Several C-320 IA members have been experiencing shifting difficulties with the KM2 transmission on the Yanmar 3GM engine. A marina neighbor experienced the same problem with the same engine in his Hunter 34, so we did some research on the problem. It didn’t take long to find numerous references on the internet including, sadly, some real horror stories about low time failures and expensive, non-warranty, repair bills. This article steps through diagnosing and correcting these problems.
First, let’s do the easy and inexpensive things:
1. Change the lube oil in the transmission. We have found that Mack Boring is now recommending AGAINST using multiweight oil in the KM2 transmission, saying to go with the straight 30W (as my manual states). The marine diesel experts at Torresen Marine, Inc. continue to recommend using the same oil in the transmission as in the engine. Make sure you do not under fill nor overfill. Refill amount is only 300 ml (10 oz) and that is if you are able to suck all the old oil out. The transmission dipsticks should be read from a “rested” position. Unscrew the dipstick, wipe it off and rest it in the hole. Take your reading from this position, there will be a ring inscribed around the bottom of the dipstick to indicate the maximum fill level.
2. Is your engine idling too high? It needs to be no higher than 800 rpm. If not, adjust the idle stop. Perhaps this would be a good time to calibrate your tachometer, if you have any doubt about its accuracy.
3. Is your shift mechanism working smoothly? You may want to remove the cable at the solid end link from the transmission, lubricate both ends of the cable, and exercise it throughout its full throw. Doing this properly requires getting into the steering pedestal to obtain access to that end of the shifting cable. While you are in the pedestal, this would be a good time to lube the control arm(s) needle bearings, cable(s) terminal linkage, and to inspect and lube the steering linkage chain and sprocket. Additionally, if your throttle lever tends to creep, now is the time to adjust the friction.
4. Is the throw of your shift cable adequate? It is imperative that the cable movement be sufficient to move the transmission control arm through its full range of motion. You need to move 35mm in each direction from neutral (also described as +/- 39 deg). If you have any doubt, disconnect the clevis from the lever and try to push and then pull the lever further through its stroke. If the lever moves further by hand than it did with the cable attached, then the cable will need to be adjusted.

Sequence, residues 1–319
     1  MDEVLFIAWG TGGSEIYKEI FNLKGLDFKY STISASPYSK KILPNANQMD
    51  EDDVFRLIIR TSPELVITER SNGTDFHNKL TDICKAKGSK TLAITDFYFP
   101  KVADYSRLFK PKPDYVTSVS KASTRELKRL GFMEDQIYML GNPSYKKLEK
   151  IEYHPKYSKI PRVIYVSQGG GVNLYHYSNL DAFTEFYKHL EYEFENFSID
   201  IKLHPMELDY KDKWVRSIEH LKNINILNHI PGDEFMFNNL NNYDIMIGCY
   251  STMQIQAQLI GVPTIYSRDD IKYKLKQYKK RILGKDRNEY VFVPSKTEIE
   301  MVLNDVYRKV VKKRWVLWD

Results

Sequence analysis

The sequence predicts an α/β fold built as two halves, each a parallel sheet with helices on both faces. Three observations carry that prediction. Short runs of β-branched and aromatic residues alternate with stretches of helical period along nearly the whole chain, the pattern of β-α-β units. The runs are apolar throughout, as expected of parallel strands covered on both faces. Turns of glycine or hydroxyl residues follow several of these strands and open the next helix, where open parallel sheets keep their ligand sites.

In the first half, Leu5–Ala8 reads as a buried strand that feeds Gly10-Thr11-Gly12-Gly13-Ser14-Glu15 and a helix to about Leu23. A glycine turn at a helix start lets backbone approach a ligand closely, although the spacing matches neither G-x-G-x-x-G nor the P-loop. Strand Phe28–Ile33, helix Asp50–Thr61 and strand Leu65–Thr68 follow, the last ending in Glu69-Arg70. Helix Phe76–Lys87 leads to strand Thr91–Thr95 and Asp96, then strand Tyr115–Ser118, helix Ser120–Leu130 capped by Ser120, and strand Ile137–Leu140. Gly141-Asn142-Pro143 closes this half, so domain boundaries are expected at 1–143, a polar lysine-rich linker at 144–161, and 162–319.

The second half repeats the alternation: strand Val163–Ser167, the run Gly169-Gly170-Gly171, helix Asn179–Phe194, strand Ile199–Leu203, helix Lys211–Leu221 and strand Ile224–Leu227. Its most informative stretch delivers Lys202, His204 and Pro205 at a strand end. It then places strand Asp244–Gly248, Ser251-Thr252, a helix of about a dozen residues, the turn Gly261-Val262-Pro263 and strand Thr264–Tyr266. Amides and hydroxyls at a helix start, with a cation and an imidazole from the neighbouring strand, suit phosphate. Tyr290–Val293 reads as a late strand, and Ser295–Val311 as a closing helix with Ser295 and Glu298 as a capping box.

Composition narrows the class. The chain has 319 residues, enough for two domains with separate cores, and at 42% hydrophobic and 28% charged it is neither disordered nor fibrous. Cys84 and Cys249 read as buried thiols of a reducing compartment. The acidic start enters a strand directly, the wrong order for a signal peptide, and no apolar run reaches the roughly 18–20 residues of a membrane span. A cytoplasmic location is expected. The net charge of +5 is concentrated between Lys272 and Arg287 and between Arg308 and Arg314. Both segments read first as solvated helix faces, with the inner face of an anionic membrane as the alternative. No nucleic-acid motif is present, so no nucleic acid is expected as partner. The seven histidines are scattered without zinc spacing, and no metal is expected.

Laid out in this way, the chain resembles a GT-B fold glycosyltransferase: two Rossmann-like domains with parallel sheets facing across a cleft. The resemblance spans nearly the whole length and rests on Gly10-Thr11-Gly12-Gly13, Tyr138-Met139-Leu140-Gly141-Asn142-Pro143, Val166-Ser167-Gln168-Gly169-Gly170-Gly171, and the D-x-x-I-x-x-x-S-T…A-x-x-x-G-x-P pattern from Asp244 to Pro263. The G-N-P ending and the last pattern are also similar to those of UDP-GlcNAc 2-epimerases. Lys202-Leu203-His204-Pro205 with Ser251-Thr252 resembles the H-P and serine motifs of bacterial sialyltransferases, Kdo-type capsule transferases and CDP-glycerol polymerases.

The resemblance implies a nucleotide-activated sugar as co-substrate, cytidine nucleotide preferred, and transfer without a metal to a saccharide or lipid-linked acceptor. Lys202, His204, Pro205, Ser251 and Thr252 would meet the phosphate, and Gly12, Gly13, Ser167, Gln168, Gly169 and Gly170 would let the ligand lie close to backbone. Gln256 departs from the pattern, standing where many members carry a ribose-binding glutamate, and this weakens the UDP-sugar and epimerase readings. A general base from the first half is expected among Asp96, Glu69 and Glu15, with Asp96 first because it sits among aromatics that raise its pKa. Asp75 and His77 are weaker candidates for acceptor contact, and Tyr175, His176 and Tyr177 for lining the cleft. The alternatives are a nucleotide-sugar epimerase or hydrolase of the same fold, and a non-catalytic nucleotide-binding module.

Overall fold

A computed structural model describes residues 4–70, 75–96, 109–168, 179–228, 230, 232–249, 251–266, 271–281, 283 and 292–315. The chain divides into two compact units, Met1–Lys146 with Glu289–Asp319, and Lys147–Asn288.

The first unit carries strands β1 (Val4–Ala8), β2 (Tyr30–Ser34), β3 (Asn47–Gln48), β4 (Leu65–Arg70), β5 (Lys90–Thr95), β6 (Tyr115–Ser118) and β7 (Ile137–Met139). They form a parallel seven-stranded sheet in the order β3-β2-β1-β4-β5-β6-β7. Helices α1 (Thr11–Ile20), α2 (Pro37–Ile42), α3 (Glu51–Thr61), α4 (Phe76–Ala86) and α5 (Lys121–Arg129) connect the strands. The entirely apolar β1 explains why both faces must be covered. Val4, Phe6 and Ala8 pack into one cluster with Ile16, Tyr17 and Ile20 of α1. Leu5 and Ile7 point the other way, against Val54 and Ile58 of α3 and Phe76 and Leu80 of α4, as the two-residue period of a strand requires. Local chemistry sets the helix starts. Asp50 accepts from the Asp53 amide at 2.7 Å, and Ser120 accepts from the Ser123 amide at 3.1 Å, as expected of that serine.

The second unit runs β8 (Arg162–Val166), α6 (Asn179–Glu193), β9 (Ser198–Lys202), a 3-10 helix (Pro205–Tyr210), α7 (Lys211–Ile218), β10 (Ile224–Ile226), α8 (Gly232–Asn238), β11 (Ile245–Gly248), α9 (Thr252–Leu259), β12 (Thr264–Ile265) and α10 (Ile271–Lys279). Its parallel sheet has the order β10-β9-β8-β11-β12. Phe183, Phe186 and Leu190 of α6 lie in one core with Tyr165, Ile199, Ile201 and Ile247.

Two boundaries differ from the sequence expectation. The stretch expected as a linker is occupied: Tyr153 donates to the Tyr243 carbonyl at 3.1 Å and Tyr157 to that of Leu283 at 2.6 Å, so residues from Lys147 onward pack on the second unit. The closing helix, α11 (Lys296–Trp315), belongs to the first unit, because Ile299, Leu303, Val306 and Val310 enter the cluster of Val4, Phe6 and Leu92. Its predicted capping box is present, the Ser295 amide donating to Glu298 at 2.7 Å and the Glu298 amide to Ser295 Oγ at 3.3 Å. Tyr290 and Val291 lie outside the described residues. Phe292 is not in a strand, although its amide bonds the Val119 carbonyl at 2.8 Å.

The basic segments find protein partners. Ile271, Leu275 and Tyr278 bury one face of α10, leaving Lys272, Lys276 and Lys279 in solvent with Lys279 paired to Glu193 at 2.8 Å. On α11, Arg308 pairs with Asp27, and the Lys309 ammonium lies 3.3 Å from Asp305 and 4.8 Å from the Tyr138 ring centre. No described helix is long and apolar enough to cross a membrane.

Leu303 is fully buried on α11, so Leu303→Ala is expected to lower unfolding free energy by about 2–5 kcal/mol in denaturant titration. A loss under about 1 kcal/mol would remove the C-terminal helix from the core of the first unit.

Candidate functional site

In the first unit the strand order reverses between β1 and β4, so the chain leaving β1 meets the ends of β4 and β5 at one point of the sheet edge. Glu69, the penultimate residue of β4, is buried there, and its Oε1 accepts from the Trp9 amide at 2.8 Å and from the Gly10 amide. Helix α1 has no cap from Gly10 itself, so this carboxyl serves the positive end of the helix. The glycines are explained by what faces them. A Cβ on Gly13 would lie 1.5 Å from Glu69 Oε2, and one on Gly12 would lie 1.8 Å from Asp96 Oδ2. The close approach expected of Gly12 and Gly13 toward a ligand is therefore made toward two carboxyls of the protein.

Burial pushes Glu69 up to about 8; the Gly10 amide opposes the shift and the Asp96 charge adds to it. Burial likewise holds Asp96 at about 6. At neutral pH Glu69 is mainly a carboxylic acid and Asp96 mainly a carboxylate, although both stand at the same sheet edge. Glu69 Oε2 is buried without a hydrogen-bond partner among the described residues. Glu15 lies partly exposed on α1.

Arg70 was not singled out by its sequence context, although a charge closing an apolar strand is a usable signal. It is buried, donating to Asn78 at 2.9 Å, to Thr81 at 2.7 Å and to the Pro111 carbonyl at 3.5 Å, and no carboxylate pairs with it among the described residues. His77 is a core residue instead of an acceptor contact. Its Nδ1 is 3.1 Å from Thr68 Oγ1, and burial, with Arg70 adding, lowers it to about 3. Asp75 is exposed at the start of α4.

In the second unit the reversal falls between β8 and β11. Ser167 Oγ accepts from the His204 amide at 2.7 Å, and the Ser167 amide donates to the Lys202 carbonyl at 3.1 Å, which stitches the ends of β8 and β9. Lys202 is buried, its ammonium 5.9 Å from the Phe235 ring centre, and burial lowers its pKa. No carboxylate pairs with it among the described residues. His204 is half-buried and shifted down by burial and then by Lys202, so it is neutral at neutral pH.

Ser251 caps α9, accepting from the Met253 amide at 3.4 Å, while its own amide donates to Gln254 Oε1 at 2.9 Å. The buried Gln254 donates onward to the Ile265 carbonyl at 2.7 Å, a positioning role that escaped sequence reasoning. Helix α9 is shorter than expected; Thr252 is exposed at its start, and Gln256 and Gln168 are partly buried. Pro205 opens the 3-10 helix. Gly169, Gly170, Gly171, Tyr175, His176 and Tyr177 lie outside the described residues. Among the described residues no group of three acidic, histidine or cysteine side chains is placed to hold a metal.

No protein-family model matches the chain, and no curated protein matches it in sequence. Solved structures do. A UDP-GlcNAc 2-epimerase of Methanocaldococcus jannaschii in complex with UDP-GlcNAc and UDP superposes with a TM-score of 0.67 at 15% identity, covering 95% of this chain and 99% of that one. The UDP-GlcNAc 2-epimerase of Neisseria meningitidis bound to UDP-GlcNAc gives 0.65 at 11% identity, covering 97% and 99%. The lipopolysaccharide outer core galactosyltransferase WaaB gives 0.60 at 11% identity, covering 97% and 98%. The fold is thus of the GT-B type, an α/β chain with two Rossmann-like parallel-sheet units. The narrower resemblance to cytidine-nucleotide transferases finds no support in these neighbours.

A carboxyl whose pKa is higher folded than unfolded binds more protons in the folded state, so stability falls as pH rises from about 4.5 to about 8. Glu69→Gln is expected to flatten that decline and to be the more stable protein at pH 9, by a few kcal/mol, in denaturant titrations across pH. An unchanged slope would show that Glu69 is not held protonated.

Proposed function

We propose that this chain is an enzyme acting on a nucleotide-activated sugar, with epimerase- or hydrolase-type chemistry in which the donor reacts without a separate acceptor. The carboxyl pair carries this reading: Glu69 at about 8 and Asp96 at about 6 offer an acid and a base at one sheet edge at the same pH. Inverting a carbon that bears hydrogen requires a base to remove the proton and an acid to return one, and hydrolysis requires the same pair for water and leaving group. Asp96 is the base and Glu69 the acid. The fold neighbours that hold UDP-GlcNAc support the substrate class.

5. Is the engine alignment proper? Usually misalignment will result in noise and/or excessive vibration at one or more rpm settings as well as premature wear in the shaft log. It may also be a source of shifting difficulties. We have complete alignment instructions on our C-320 IA website. If you are experiencing excessive drive train vibration, be sure to check the 8 bell housing bolts and the prop shaft coupling bolts.
6. Are the engine mounts shot? If the rubber in the mount is damaged or compressed to the point that the air gap under the mounting stud is less than 5mm, your mounts are probably worn out and should be replaced. This maintenance task can result in a significant reduction in both vibration and noise from the drive train.
If none of these fixes have solved the problem, it is probably in the transmission. Ultimately, my friend had to have his drive cone replaced. What he has found out is that this is not that uncommon a problem and it can happen at relatively low hours (800-1200). Worse yet, this issue has no apparent owner-induced cause. You can expect to pay between $500-900 for this repair, so it pays to shop around. Looking at the cone, it is hard to see enough damage to make a difference, but it did.
The marine diesel experts at Mack Boring, Inc. recommend sailing with the transmission in NEUTRAL. This also is a departure from what we have long been advised (i.e. put transmission in reverse) and was the subject of a poorly publicized 2008 service bulletin, which is reproduced on our website . Note: One of our members pointed out that his discussions with Mack Boring indicated that this recommendation came from their lawyers and had no basis in engineering or design. It turns out they were concerned about the momentary loss of control that might arise from having to start the engine in reverse. We all know that sometimes that is necessary after sailing hard with the transmission in reverse.
The technician at Mack Boring also suggested to always shift the transmission smartly to be sure to get full lever throw. In other words, don’t ease it into gear as you might not get complete engagement. It is important to always make sure that the engine is at idle speed when you do so (800 rpm).
Interestingly, my friend has always had a 1100 rpm vibration that would go away after the boat came up to speed. This was thought to be a Hunter characteristic. Guess what, that vibration is gone now!!
Karl Mielenhausen, Silver Lining, #690